The address of a transaction is placed into one of the lock buffers 328 when access to the snoop path or data path is granted. The CIU-IFU 310 initiating a transaction is responsible for placing the address in a lock buffer 328 and for setting the valid bit to one. When the transaction completes, the initiating CIU-IFU 310 is also responsible for undocking the corresponding transaction line lock buffer 328 by setting the valid bit to zero.

The snoop control logic unit 332 is coupled to the transaction lock buffer array 328, the data/command input queue 330, and the snoop path 320. The snoop control logic unit 332 interfaces with the snoop path 320 broadcasting snoop requests and snooping for transactions affecting memory addresses associated with the cache lines in its tag memory 326. The snoop control logic unit 332 latches in transactions broadcasted on the snoop path 320 and searches the transaction lock buffer array 328 for the corresponding cache line. The snoop control logic unit 332 adheres to the snoop protocol which is described in more detail below.

The foregoing has described the interface units in the FCU. Attention now turns to the system clock.

System Clock

Referring to FIG. 13, the FCU 212 includes a system clock 350 that is connected to each of the interface units 300, 310, 312. The system clock 350 synchronizes the operations of the FCU 212 and controls the speed at which these operations occur.

FIG. 17 illustrates the input and output signals of the system clock 350 in a preferred embodiment of the present invention. A reference clock signal 351 is received by the system clock 350 and used as a base frequency from which several clock signals are generated. The SCLK signal is used in the operation of the snoop path 320, the DCLK and DCLK# signals are used in the operation of the data paths, and the FCU_CLK signals are used in the operation of the channels. Preferably, the SCLK signal is at the same clock frequency of the reference clock signal 351, the DCLK and DCLK# signals are at twice the frequency of the reference clock signal 351, and the FCU_CLK signals are at four times the frequency of the reference clock signal 351. The reference clock signal 351 is relative to a base frequency of each processor's clock. Preferably, the reference clock signal 351 is set to twice the base frequency of the processor's clock.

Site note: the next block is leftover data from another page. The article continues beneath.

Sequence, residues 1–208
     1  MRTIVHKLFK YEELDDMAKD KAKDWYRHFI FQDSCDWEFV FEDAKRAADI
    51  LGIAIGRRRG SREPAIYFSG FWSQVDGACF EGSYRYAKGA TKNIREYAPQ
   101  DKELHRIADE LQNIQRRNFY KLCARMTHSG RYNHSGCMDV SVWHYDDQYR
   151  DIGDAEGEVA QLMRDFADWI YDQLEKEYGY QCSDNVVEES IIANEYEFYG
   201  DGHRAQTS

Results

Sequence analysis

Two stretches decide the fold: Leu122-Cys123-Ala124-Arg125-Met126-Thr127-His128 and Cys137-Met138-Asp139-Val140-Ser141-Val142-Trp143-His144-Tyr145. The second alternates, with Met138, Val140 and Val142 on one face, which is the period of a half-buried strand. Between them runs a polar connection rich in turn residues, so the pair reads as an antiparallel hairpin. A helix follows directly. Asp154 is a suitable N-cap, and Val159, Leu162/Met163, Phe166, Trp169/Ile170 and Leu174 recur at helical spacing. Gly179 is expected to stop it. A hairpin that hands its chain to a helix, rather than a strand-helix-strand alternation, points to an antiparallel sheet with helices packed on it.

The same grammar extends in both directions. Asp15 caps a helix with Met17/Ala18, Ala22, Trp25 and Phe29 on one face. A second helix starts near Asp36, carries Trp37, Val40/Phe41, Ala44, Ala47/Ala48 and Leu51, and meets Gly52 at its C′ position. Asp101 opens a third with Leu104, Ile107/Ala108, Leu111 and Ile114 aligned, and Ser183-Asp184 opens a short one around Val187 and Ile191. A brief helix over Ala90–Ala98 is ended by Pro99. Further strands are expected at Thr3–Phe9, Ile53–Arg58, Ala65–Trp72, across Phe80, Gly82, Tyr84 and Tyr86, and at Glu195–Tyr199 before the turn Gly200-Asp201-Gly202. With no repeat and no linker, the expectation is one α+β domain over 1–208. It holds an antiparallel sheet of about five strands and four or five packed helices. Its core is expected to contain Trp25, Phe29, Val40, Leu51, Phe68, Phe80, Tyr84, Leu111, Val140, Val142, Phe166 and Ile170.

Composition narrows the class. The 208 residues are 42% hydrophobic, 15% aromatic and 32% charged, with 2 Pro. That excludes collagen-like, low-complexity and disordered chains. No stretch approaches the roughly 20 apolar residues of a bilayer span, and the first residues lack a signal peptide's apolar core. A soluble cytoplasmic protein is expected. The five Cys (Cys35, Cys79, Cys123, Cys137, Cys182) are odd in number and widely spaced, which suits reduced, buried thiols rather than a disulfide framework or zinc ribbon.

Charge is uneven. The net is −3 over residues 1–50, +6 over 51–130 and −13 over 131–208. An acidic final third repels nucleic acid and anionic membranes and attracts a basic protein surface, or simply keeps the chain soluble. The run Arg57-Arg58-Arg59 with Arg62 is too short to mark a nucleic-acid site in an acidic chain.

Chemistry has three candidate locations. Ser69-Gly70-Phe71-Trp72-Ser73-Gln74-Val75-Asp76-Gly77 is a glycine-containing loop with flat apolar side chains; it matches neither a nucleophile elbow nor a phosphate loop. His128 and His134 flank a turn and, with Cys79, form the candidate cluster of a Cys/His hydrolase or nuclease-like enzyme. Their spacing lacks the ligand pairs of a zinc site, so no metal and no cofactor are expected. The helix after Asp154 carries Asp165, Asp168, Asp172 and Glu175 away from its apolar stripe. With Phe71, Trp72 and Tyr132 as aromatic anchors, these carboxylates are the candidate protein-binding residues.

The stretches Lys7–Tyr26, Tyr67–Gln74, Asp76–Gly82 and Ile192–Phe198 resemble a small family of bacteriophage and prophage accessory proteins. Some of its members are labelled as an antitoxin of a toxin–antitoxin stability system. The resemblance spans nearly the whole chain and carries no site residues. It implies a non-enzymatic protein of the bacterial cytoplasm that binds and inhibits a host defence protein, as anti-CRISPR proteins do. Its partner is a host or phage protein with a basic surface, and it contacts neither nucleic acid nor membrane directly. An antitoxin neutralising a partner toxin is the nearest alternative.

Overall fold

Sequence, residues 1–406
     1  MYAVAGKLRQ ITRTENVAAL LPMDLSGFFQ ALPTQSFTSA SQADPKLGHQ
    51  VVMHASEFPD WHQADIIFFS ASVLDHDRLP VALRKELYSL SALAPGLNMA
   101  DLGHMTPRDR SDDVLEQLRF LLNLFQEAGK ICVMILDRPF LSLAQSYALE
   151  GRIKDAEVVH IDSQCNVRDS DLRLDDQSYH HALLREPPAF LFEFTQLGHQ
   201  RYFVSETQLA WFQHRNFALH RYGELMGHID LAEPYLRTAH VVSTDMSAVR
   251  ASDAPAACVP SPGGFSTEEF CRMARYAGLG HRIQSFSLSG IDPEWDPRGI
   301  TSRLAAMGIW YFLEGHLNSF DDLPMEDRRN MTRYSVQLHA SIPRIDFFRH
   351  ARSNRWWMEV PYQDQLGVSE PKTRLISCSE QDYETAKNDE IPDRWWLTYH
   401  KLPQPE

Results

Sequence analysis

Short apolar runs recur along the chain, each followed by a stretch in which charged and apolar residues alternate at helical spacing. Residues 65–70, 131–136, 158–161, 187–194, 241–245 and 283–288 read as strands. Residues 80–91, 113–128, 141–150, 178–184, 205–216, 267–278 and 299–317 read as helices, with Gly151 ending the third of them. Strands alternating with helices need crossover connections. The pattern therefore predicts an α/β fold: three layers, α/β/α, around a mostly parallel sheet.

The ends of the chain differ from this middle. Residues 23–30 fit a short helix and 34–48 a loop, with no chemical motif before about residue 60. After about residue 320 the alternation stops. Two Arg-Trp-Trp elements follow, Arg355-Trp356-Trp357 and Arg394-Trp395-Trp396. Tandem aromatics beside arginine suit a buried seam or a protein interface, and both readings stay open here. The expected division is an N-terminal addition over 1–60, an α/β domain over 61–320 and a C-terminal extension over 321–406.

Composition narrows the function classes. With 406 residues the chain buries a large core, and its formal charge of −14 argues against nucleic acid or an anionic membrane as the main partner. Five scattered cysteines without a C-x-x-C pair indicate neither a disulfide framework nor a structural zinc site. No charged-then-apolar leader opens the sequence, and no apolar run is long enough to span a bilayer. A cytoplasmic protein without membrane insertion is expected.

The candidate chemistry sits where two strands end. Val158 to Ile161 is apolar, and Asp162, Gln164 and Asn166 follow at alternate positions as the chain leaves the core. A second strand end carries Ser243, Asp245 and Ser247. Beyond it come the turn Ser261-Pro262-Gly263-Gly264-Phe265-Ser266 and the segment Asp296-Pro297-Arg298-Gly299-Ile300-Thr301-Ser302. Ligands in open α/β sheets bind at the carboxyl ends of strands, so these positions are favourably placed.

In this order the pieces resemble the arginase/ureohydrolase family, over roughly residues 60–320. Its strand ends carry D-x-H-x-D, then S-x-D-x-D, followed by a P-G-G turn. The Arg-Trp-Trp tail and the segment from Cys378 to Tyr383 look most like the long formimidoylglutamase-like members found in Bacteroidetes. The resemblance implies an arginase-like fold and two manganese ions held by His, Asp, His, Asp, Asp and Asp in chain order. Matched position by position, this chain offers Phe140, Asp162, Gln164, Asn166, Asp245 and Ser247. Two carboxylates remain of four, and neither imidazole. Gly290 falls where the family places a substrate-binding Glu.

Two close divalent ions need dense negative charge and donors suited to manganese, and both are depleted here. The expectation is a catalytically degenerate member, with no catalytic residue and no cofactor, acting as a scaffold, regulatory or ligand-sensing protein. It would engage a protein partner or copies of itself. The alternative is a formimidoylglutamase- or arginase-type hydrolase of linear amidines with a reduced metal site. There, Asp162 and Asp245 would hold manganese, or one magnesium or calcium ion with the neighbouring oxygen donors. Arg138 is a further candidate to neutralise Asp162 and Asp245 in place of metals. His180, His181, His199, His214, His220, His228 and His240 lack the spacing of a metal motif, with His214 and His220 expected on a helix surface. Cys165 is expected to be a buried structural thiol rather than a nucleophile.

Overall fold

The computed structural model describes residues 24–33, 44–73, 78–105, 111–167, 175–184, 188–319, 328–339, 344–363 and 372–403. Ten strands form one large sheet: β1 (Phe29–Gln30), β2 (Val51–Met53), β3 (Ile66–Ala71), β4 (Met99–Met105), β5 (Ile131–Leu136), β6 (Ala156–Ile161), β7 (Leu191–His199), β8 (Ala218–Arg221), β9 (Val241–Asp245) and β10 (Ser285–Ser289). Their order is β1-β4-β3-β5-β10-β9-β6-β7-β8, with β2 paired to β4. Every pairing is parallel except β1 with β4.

The DCLK and DCLK# signals are used in the operation of the data paths. FIG. 18 illustrates a preferred timing of these signals. As shown in FIG. 18, the system clock 350 generates a two phase clock signal including a first signal 354 (D)CLK), and a second signal 356 (DCLK#) that is phased-shifted by 180°0 from the first signal.

FIG. 19 illustrates the various clock domains that exist within the multiprocessing system 200. The FCU 212 is associated with a first clock domain, referred to as clock domain 1, which operates in a synchronized manner in accordance with the system clock 350. The second clock domain (i.e., clock domain 2) includes the CIUs 208, the MCUs 204, and the BBUs 206 which operate at the channel clock speed. The devices in the second clock domain do not experience any timing skew problems which was present in the prior art bus based systems. This is attributable to the use of the point-to-point interconnect structure. The third clock domain (i.e., clock domain 3) includes the processors 202 which operate at the processor's clock speed. Since the reference clock signal in the FCU 212 is based on the frequency of the processor's clock speed, the system can function in a coordinated manner.